The Plan is also misleading. Hoosier states on page 16 of its Disclosure Statement that "the bankruptcy estate will not be funding the Mark Action. All expenses and attorneys fees will be paid by the shareholders." But the Plan only proposes to pay net proceeds from the litigation to Classes III and IV. The Plan defines "net Proceeds" as all proceeds less payment of *39 attorney fees and reimbursement to the shareholders for all sums advanced to file and prosecute the action against Mark. In essence, the estate is partially funding the litigation. Instead of receiving 40% of gross proceeds, Class III creditors must wait while the shareholders are first completely reimbursed for their expenses. The bankruptcy estate alone bears the risk that recovery will be less than expenses. The shareholders are using their money up front, but they will be reimbursed by the estate. By contrast, if the Chapter 7 trustee were to pursue the action, the creditors would bear the risk and reap the rewards for themselves first, without sharing the recovery with the interest holders. Perhaps this revelation only strengthens the argument that the Plan is not in the best interests of creditors, but the attempt to portray the interest holders as placing their personal resources at risk for the good of other creditors suggests a lack of good faith.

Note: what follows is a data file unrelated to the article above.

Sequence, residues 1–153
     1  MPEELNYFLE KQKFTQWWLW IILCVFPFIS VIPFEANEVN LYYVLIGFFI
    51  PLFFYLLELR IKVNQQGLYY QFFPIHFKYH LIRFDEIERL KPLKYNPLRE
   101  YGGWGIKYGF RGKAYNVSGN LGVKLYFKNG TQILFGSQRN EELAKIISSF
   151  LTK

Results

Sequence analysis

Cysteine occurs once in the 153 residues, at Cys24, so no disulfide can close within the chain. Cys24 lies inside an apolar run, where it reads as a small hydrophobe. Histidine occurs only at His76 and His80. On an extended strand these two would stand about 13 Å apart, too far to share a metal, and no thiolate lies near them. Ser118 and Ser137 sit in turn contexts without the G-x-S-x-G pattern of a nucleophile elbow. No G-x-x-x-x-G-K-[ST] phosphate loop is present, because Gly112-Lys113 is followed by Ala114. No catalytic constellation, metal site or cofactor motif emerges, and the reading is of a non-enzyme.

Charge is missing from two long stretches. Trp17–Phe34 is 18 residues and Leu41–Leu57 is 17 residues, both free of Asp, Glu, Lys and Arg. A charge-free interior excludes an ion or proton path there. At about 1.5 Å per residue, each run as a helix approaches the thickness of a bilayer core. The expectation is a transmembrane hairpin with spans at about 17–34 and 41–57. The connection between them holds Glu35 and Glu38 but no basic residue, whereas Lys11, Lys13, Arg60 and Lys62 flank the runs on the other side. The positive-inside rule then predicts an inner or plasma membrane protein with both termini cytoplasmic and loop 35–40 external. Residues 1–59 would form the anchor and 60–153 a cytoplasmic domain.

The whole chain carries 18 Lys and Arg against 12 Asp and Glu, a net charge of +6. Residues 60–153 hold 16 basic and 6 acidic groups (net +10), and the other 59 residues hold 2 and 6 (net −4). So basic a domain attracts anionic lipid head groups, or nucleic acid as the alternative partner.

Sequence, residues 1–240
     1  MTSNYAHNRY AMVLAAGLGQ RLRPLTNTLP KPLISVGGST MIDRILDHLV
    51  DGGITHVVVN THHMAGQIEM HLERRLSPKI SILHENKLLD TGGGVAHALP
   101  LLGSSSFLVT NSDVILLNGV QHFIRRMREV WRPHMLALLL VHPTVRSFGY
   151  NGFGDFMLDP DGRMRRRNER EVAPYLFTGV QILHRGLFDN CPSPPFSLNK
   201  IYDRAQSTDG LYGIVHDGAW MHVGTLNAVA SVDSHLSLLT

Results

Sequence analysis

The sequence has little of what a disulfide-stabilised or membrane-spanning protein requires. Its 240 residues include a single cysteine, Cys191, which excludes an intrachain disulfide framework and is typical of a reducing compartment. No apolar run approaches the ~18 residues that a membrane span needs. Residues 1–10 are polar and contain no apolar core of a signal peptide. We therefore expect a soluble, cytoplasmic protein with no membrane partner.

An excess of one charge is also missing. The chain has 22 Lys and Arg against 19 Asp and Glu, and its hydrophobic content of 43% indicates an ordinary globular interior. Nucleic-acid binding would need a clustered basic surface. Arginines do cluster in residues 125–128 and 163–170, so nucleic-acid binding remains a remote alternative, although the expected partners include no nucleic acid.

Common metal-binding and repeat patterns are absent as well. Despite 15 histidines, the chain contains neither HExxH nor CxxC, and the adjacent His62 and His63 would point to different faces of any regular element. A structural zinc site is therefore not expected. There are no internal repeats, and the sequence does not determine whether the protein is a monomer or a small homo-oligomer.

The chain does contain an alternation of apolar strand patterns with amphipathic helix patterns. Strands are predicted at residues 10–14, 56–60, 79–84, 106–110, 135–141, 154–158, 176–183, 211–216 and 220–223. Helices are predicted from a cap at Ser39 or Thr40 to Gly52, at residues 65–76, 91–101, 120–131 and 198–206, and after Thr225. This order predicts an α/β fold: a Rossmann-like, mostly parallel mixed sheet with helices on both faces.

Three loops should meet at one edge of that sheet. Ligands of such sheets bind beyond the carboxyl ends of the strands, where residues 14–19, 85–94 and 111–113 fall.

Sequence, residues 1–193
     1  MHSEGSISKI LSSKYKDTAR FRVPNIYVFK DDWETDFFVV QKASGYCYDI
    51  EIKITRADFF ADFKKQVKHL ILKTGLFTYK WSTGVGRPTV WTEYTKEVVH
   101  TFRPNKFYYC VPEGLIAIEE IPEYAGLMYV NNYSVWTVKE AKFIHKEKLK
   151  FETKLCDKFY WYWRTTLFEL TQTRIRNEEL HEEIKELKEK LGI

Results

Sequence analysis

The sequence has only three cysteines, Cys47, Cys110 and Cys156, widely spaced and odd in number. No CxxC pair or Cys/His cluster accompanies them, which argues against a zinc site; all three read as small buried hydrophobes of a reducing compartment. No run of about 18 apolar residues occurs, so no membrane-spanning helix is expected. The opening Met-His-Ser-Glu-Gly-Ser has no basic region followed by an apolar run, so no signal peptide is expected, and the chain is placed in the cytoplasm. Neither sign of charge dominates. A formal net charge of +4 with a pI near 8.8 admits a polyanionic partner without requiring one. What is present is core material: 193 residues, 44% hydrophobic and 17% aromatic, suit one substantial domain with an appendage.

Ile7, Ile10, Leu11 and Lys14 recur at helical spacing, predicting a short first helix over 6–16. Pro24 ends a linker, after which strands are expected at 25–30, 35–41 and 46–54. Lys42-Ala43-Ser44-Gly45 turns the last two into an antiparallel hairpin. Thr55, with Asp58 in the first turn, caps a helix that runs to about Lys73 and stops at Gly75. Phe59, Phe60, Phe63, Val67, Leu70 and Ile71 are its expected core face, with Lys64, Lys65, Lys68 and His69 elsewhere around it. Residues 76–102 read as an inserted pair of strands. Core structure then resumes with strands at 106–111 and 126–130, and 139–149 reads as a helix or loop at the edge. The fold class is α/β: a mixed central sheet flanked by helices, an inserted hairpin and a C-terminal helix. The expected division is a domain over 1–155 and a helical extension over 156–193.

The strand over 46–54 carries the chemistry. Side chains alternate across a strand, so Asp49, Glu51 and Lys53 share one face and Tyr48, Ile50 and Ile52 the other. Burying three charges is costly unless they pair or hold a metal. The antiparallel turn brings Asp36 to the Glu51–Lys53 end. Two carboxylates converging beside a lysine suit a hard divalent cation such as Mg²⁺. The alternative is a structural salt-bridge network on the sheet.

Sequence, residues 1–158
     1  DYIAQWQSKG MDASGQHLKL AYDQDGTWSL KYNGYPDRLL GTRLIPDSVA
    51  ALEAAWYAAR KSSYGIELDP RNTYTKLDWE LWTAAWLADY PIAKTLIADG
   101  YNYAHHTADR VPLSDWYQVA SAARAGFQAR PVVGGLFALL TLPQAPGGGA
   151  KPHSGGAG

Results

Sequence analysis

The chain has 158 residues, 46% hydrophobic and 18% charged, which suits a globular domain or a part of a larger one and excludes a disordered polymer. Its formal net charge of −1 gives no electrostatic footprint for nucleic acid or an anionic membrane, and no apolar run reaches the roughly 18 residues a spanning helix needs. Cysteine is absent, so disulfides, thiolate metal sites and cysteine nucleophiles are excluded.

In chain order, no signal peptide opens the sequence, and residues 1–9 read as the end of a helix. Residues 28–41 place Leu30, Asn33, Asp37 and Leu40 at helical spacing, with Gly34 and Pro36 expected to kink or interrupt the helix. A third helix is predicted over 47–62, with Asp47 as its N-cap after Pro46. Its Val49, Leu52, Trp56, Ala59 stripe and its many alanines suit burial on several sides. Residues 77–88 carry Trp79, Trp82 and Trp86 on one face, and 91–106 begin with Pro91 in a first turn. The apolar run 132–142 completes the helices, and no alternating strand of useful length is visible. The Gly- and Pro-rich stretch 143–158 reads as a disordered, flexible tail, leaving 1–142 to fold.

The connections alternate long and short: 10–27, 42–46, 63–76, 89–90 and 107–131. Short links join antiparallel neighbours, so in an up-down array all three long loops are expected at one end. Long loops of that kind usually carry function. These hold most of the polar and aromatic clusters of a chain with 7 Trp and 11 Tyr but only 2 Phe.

Hoosier contends that Mark is hardly one to argue a lack of good faith when it is Mark who potentially stands to benefit from the denial of confirmation. But the benefit to Mark is purely speculative, since the action against Mark may still be pursued. Further, even if Mark had not objected, this Court has an independent duty to ascertain that all the provisions of 1129(a) have been satisfied. In re Landscaping Services, Inc., 39 B.R. 588 (Bankr. E.D.N.C.1984). Pursuant to this independent duty, this Court has considered Hoosier's Amended Plan, and now determines that it does not show sufficient likelihood of achieving a result consistent with the objectives of the Code, and therefore it does not satisfy Section 1129(a)(3) and cannot be confirmed.

    III. CONCLUSION

    Based upon the foregoing, it is hereby ORDERED, ADJUDGED, AND DECREED that Confirmation of the Amended Plan Of Liquidation filed by Hoosier Hi-Reach, Inc. is DENIED.